A brake is a metalworking machine that bends sheet metal. In the metalworking industry, brakes are also known as bending brakes or bending machines. Bending is a manufacturing procedure that may produce several shapes, including channel, U, and V shapes.
Metal-bending brakes come in various sizes and types, each with its own set of benefits and drawbacks. Before operating a brake, operators should be aware of tolerances, tooling types, and other issues.
Main Parts of a Sheet Metal Brake
A brake consists of a flat surface on which the metal material is placed and a clamping bar that drops down to firmly hold the material in place throughout the bending process. This clamping action can be done manually, automatically, or with a foot pedal. In addition, the front, gate-like plate of the machine is hinged and may be lifted, forcing the material extended over the straight edge to bend to follow the plate.
Bends can be made at any angle up to approximately 120 degrees or more in the case of a bar folder. If the area to be bent is small enough, you can achieve a sharper bend by placing the curve under the clamping bar and lowering it.
Essentially, a sheet metal brake has four essential components: the bed/table, beam/clamp, apron, and cam. All these parts work together to bend metal materials into desired shapes.
- Bed/table – The flat surface of the machine
- Beam/clamp – The moveable top which clamps the metal or material to the bed or table
- Apron – The front, gate-like plate that is lifted to shape the metal or material
- Cam – The part that is used to adjust the clamp pressure against the table
Popular Types of Metal Brakes
Cornice or Leaf brake
Cornice or leaf brakes are used to bend and fold large metal sheets; however, they are typically only used for minor bends. For example, a sheet of metal is fastened to a stationary, flat surface and kept in place with the help of a clamping bar using a cornice brake. The metal sheet can then be adjusted using a bending leaf, which presses the sheet over the clamping bar and shapes it.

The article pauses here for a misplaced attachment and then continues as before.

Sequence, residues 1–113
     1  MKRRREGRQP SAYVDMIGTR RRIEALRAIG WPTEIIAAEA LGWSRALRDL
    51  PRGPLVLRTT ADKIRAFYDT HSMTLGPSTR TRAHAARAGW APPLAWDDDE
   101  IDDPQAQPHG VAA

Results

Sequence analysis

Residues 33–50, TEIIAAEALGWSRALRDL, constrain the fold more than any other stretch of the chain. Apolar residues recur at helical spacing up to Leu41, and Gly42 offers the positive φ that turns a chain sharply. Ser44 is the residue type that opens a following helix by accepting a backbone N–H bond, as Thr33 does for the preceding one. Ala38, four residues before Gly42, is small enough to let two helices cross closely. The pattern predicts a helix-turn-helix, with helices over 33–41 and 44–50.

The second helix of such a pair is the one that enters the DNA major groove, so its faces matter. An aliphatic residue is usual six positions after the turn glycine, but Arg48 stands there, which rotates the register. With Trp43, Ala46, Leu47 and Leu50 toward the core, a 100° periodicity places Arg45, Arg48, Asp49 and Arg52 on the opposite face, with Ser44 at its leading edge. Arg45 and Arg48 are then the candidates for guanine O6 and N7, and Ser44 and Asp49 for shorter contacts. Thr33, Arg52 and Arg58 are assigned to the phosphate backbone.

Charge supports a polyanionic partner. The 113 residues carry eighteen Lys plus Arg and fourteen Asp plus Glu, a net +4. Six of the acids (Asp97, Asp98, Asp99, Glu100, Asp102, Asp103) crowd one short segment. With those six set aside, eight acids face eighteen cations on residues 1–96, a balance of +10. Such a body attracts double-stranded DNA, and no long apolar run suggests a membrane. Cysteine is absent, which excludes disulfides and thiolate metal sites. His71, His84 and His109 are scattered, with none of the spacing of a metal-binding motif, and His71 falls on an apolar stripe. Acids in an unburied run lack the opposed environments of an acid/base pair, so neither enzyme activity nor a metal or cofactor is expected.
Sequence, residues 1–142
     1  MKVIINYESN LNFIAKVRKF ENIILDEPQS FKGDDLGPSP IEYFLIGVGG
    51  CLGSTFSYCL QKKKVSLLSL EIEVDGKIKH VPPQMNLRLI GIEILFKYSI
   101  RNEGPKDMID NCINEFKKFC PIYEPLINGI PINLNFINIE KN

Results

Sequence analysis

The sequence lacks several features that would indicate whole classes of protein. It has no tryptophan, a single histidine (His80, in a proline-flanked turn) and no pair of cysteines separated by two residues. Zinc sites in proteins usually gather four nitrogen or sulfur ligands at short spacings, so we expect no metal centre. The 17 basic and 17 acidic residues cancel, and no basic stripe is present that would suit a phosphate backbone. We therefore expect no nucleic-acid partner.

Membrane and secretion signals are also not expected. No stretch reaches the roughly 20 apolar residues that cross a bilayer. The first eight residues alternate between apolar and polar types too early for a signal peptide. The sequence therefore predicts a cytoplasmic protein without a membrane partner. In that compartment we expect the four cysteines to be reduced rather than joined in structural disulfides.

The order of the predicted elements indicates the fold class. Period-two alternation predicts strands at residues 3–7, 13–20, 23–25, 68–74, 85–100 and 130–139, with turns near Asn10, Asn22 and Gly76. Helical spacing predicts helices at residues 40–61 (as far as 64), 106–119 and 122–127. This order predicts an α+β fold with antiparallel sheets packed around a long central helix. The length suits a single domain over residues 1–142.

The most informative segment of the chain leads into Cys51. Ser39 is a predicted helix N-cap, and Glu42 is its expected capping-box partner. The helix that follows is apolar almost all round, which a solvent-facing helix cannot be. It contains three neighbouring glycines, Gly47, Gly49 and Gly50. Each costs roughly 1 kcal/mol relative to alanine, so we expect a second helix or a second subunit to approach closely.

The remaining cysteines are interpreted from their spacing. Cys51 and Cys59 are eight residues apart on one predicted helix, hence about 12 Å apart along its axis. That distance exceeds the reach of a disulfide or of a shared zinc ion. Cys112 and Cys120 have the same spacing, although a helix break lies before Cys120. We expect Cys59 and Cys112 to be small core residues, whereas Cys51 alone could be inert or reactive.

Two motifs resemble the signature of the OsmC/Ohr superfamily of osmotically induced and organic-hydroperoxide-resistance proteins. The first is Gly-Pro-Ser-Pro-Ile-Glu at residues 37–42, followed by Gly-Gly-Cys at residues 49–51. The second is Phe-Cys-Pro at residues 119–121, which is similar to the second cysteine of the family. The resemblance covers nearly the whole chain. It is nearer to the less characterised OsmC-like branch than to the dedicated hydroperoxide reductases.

While this approach is easy and effective for generating somewhat precise bends to the edges of sheet metal panels, the types and nature of bends that may be made are limited with this sort of bending brake.
A box and pan brake, also known as a finger brake, is another type of metal brake. These types of brakes enable the production of more intricate bends and shapes (boxes and pans) that would be impossible to achieve with a straight or limited-function cornice brake. These devices have movable “fingers” that may be adjusted to change the shape of the box and pan bends that the machine produces.
This is a more basic brake than the cornice or box-and-pan brakes, which are usually much smaller. In most cases, a single handle clamps the workpiece and bends it in one swift motion, but the depth is generally less than that of a cornice or a box-and-pan brake.
This type of brake is a machine that bends sheet and plate material using a pressing tool. It clamps the workpiece between a matched punch and a die to create predefined bends.
The sides of the press brake are usually formed by two c-frames, which are connected to a table at the bottom and a moveable beam at the top. The top tool is attached to the upper beam, while the bottom tool is positioned on the table.
Box and Pan Brake vs. Apron and Hand Brake
Hand brakes are used to bend sheet metal into tight straight bends of various degrees. In sheet metal manufacturing, there are two types of hand brakes used to make bends– a sheet metal brake and a box and pan brake. Although they both bend sheet metal and have similar components, they are different in the type and number of bends they can produce.
When only one or two bends are needed, a sheet metal brake is the most helpful hand brake in the sheet metal industry. However, the sheet metal brake can also be utilized for the third bend on rare occasions. The length capacity of sheet metal brakes distinguishes them from the others, and the clamping leaf and the bed are the same lengths.
Meaning, an eight-foot brake has a clamping leaf that is eight feet long and has an eight-foot capacity. However, sheet metal brakes have one significant flaw. The length and angle of the clamping die limit the types of bends that a sheet metal brake can make.
The box and pan brake shine where the sheet metal brake fails. As its name implies, the box and pan brake are used to bend sheet metal boxes and pans. The clamping die on a box and pan brake are removed and replaced with fingers, unlike sheet metal brakes. Clamping fingers come in a variety of sizes and can be simply added or removed as needed.